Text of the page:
What an Outcast Woman and a Stranger at a Well Teaches Us About Worship

When it comes to worship, God is looking at the state of our hearts

I recently read about Solomon’s temple in 1 Kings 6. This beautiful temple was a monument to God’s greatness and home to the Ark of the Covenant. It was where the Jews worshipped the Lord.

It reminded me of the impassioned dialogue between Jesus and the Samaritan woman in “The Chosen”–a mini-series about the life of Christ–during which Jesus breaks all kinds of barriers. After an exhausting day of travel, Jesus came to a town in Sychar and sat down by a well. Scripture goes on to say in John 4:7-9 (GNT):

“A Samaritan woman came to draw some water, and Jesus said to her, “Give me a drink of water.” His disciples had gone into town to buy food. The woman answered, “You are a Jew, and I am a Samaritan–so how can you ask me for a drink?”

She’s talking about the deep-seated differences between Jews and Samaritans, one of which is that the Jews worshipped in Jerusalem while the Samaritans worshipped on Mount Gerizim in Samaria. If Jews insisted that Jerusalem is the only place for worship, then why would Jesus want a drink of water from a woman who worshipped somewhere else? Wouldn’t this defile him?

Jesus, the Great Equalizer

This conversation is tricky for many reasons. This Samaritan was a woman, a social outcast, and of a race despised by Jews. By society’s standards, Jesus should not be speaking to her. But Jesus came to break religious, racial, and gender barriers. He came to show the world that he loves everyone.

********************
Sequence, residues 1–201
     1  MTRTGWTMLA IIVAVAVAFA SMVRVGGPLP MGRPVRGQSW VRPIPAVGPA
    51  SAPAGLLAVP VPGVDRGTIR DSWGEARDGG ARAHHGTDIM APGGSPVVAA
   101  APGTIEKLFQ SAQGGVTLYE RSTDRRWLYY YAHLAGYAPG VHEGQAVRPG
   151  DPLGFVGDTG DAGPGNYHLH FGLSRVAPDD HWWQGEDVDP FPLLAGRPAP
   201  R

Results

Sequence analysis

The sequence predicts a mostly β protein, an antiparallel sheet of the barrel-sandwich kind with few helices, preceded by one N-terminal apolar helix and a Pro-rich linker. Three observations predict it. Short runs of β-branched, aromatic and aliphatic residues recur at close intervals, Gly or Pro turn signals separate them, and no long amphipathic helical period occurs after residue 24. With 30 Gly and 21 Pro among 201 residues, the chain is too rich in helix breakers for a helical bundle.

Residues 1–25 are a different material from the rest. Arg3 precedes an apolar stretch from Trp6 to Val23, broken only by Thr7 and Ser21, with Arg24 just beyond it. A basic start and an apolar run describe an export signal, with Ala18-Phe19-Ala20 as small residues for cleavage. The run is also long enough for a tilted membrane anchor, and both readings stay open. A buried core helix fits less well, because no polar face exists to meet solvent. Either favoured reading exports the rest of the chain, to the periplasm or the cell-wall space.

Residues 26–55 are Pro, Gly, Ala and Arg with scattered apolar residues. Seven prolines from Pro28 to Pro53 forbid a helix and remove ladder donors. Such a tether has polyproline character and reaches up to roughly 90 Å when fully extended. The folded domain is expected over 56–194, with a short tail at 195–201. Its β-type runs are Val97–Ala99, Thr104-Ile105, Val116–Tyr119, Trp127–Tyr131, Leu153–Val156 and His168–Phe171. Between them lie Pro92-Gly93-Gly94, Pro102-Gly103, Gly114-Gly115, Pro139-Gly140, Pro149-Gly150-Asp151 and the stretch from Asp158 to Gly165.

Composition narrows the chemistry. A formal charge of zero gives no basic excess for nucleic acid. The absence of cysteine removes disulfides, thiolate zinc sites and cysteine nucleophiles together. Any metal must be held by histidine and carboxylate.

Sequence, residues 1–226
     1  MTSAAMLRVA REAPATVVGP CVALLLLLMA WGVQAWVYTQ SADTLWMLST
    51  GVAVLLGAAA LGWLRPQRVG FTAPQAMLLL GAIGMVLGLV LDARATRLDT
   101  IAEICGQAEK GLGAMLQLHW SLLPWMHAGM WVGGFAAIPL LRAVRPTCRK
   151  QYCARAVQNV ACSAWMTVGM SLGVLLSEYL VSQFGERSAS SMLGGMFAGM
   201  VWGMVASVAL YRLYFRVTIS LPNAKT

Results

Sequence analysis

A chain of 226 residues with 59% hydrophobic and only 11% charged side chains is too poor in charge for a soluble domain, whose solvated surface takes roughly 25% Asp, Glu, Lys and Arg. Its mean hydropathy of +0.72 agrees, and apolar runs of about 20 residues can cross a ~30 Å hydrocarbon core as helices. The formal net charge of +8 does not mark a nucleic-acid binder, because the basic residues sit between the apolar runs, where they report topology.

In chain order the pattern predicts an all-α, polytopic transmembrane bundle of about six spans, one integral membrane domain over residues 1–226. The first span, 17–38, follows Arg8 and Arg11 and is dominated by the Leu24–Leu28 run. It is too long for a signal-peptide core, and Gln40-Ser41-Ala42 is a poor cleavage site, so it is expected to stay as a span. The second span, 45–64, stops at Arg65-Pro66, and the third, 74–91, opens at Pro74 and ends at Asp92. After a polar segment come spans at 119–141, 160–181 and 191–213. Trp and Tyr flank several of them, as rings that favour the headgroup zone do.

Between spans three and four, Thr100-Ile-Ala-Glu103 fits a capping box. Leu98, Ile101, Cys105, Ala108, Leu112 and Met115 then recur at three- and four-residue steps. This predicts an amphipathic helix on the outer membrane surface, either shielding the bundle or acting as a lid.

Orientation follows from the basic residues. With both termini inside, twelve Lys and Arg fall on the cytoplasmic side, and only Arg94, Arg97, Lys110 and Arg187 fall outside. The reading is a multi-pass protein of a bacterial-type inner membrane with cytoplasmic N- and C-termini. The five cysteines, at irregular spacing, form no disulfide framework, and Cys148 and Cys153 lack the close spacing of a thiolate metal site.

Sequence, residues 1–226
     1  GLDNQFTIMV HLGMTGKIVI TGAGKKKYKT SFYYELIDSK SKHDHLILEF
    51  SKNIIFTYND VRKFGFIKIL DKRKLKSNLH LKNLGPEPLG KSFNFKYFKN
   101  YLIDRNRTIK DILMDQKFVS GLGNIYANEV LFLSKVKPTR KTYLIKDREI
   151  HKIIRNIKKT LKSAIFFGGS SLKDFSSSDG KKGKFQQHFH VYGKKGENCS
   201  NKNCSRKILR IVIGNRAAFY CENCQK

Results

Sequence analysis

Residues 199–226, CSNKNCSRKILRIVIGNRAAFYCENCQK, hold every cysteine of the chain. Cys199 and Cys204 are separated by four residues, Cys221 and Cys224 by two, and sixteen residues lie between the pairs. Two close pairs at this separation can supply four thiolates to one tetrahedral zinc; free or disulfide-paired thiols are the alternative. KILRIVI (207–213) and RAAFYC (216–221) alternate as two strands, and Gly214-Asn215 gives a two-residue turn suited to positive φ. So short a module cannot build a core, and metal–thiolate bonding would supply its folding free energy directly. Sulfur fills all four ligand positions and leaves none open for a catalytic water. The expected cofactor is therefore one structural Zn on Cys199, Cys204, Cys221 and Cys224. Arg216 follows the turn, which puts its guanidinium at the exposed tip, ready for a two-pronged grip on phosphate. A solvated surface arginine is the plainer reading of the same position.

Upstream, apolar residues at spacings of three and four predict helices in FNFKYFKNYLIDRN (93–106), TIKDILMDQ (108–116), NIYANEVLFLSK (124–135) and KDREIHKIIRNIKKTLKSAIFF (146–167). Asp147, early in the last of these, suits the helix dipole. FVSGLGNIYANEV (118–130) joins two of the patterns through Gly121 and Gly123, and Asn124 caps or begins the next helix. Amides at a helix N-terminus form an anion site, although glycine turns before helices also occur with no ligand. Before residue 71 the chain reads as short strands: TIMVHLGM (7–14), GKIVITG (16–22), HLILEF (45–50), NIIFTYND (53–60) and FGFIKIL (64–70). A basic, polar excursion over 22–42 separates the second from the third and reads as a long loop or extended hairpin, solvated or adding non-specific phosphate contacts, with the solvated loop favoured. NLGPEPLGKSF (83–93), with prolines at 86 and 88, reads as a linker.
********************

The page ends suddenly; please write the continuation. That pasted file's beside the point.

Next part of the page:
Jesus doesn’t condemn her, nor does he ignore her; instead, he offers her acceptance, unconditional love, and salvation. To quote from The Chosen, Jesus says to her, “The time is coming and is now here, that it won’t matter where you worship, only that you do it, in spirit and truth. Heart and mind. That is the kind of worshipper he is looking for. No matter where you’re from or what you’ve done” referring to John 4:23.

And she says, “It won’t be about mountains and temples?”

Jesus responds, “Soon just the heart.”

Jesus looks at the heart. He doesn’t look at where you come from, nor hold against you what you’ve done. It does not matter if you worship in a beautiful building or in a makeshift tent. He is looking for true worshippers—those who worship him from the heart and mind.

Today, let us worship Jesusthe one who wholeheartedly embraces us, loves us, and offers us the living water of salvation. Let us live out what Scripture says in Psalm 95:6 (GNT), “Come, let us bow down and worship him; let us kneel before the LORD, our maker!”

Let’s Pray Together

Jesus, we worship you. Our hearts are filled with gratitude for your death and resurrection which purchased our salvation. We worship you because you do not cast us aside, reject, or condemn us, but instead you offer us a heavenly inheritance through your abundant grace and unfailing love. Thank you for adopting us into your family. Today, and every day, we will worship you. We will tell everyone of your kindness and goodness.

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Nena Podbury
Nena Podbury

Nena Podbury is a Prayer Mobilization Associate at American Bible Society. Originally from the Bronx, she served in children’s ministry for 12 years doing Sidewalk Sunday School. Nena is married with two children, Noah and Emilia.

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